Re: DES Crack outside US

Scott McDermott (scottm@kcls.org)
Tue, 29 Apr 1997 13:51:03 -0700 (PDT)


On Tue, 29 Apr 1997, Mikael Brown wrote:

> I think if the key was broken by world effort outside the US that a greater
> impact would be made...but not the impact we want. I wonder if encryption
> laws will only increase if a foreign body cracks the code...think of
> it...if someone in another nation cracks a national encryption standard do
> you think Congress will want to "free-up" exportation laws or "tighten"
> their grip on exportation?

That's a good point. I'd say keep it in the US & CA. I'd be concerned
that that would be used as an example of exactly why we want to strangle
the personal freedoms of the US citizen. I think the risk of giving them
ammo is great.

Then again, they may just take a different view. They may decide that if
this few people can break our encryption standard, that we need to take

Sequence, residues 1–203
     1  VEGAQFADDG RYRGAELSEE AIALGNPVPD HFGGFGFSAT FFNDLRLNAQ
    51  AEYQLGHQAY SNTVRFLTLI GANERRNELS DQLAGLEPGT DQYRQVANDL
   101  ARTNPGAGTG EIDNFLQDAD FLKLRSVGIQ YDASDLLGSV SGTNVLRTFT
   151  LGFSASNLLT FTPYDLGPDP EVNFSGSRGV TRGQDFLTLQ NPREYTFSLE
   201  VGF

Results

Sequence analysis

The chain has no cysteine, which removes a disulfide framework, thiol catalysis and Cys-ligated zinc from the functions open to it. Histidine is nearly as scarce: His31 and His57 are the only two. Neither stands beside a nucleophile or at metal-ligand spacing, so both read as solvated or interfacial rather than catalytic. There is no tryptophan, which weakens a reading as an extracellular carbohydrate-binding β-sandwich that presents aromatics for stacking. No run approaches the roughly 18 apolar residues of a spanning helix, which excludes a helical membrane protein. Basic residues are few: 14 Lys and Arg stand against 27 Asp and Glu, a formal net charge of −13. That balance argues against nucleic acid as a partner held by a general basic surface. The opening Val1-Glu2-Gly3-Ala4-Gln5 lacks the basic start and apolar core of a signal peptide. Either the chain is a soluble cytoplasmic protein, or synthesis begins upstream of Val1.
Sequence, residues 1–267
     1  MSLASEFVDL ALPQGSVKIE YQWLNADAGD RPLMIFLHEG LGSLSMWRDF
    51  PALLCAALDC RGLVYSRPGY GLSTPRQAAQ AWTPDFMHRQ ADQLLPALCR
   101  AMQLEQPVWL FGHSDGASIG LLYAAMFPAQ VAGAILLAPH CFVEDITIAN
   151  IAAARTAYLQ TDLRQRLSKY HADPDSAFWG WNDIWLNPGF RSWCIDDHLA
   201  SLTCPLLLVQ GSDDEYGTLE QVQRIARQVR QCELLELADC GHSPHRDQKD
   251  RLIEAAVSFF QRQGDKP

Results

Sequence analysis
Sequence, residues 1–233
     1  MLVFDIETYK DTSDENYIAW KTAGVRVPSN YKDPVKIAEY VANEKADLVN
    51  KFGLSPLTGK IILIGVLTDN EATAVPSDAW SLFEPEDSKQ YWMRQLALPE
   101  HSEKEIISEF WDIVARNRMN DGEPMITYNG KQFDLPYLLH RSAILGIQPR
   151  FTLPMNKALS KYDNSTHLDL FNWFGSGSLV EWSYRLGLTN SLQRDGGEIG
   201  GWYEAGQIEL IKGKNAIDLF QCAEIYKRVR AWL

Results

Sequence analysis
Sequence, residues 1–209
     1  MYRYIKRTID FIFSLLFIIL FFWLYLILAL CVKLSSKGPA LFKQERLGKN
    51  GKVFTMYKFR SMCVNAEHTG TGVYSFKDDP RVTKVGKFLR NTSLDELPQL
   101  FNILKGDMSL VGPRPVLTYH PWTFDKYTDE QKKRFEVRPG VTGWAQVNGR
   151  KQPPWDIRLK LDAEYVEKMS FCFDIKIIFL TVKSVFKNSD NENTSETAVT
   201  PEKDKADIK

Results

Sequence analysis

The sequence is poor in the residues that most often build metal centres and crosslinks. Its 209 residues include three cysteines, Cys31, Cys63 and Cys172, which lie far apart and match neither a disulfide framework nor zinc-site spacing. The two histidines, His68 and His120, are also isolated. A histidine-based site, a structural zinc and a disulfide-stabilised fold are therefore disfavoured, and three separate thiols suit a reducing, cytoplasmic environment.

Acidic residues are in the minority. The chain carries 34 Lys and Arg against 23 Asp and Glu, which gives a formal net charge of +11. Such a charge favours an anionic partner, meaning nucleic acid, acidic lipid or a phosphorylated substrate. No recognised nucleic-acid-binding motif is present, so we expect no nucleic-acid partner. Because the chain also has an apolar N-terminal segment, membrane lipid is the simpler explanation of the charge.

away the encryption completely so that our national secrets can be safe.
(Ignoring the fact that that won't stop foreign governments, or people who
don't care about the law.)

I honestly think it's probably up to how the press handle it. Internet &
computers in general are getting press I really never imagined they'd
have. (I mean, come on, does Gatorade need a web site? Why do my M&M's
have a URL on them?!) Security & virus issues have been making their way
into the news recently, too. I'm curious (and a bit hesitant) to find
out how the press decides to play the cracking of DES. That will directly
affect the way people feel about it (a society composed primarily of
sponges, unfortunately), and the politicians will probably react in line
with how it's played by the press.

So I guess the question really may be, how will the press handle it?

/*
Scott McDermott - Systems Administrator | Deliver yesterday,
King County Library System | Code today,
PGP key available in the usual places | Think tomorrow
*/